Morality, corporate tax and regulator relationships
The debate around the level of tax paid by multinational corporations, and where they pay them, has morphed into a drama involving protagonists that are household names.
Fuelling the debate is social media and popular opinion. The context is how to equitably fund fiscal deficits while managing politics.
In part, the root of the controversy lies in the fact that businesses can now operate virtually with limited physical presence while traditional tax rules have been developed for what was historically a physical world. The issue is exacerbated when global brands appear to be operating somewhere but actually aren’t, or if they are, their physical presence is a fraction of their virtual one.
The emotion is fuelled by the amount of aggregate tax paid by certain multinationals, which can be a function of the favourable tax regimes that exist in countries where these businesses’ operations are based. Labels like “legitimate tax avoidance” are a nonsense and add nothing to the debate.
Complicating matters is that addressing how, when and where global businesses that operate virtually should be taxed can’t be addressed by any one jurisdiction alone. It is for this reason that the topic is currently being considered by the OECD.
In response to the debate, impacted multinationals are adopting a range of approaches. One end of the spectrum has Starbucks in the UK announced in an open letter from its CEO that it would not claim tax deductions for intercompany charges and royalties.
This to stem the public outrage that its UK operations had sales of £398 million in 2011 and yet paid no corporation tax since Starbucks has reported losses in the UK for 14 of the past 15 years. The company's response is estimated to cost Starbucks a further £20 million in tax payments over the next two years.
In contrast, Google’s former CEO and current chairman Eric Schmidt has stated to Bloomberg, “We pay lots of taxes; we pay them in the legally prescribed ways. I am very proud of the structure that we set up. We did it based on the incentives that the governments offered us to operate. ...It’s called capitalism. ... We are proudly capitalistic. I’m not confused about this.”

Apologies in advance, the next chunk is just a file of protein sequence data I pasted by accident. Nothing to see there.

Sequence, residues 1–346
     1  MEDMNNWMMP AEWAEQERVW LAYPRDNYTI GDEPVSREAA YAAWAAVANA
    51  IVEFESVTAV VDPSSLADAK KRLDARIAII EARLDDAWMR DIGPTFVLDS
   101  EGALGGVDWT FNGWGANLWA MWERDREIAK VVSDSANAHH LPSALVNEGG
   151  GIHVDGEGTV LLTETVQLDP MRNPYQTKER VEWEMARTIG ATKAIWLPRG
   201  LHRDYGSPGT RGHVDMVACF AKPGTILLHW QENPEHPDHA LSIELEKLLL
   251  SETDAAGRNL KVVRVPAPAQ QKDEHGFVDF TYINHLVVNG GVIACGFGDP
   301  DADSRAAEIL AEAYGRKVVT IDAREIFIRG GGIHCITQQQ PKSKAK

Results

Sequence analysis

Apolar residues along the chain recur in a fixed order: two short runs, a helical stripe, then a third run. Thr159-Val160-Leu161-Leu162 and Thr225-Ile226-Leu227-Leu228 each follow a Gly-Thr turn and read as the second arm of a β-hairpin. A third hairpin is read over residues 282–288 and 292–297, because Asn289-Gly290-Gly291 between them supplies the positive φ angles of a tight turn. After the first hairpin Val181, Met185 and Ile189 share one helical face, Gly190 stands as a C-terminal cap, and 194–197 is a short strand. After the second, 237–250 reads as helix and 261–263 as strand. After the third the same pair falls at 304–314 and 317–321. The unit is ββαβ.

The New Zealand manifestation can be seen in the most recent Inland Revenue compliance focus document. On a basic level, it has chosen visuals of schools and hospitals as part of the document’s pictorials to link tax compliance with communities, the funding of social services and the provision of infrastructure, rather than simply presenting the subject matter of where the IRD will focus its compliance activities.
It has joined the recent global movement to encourage wider awareness of a corporate’s tax policies and approaches outside of the traditional in-house tax specialists and finance teams, to the senior executives, the CEO and the board. At its most formal this has resulted in Cooperative Compliance Agreements, which seek to introduce a new level of transparency and partnering between regulator and corporation.
The upshot is that today’s tax world is materially different from what it was even five years ago, both in looking to apply rules in different and unforeseen contexts, and in the manner that the regulator and regulated interact.
All facets of the tax landscape are evolving and the debate, and resulting judgments, are increasingly being conducted in the public arena. These are some of the most topical tax discussions of the day for which there can be no easy answer. Where the debate will end is unclear but it is likely to remain in the public eye.
Thomas Pippos is chief executive officer of Deloitte New Zealand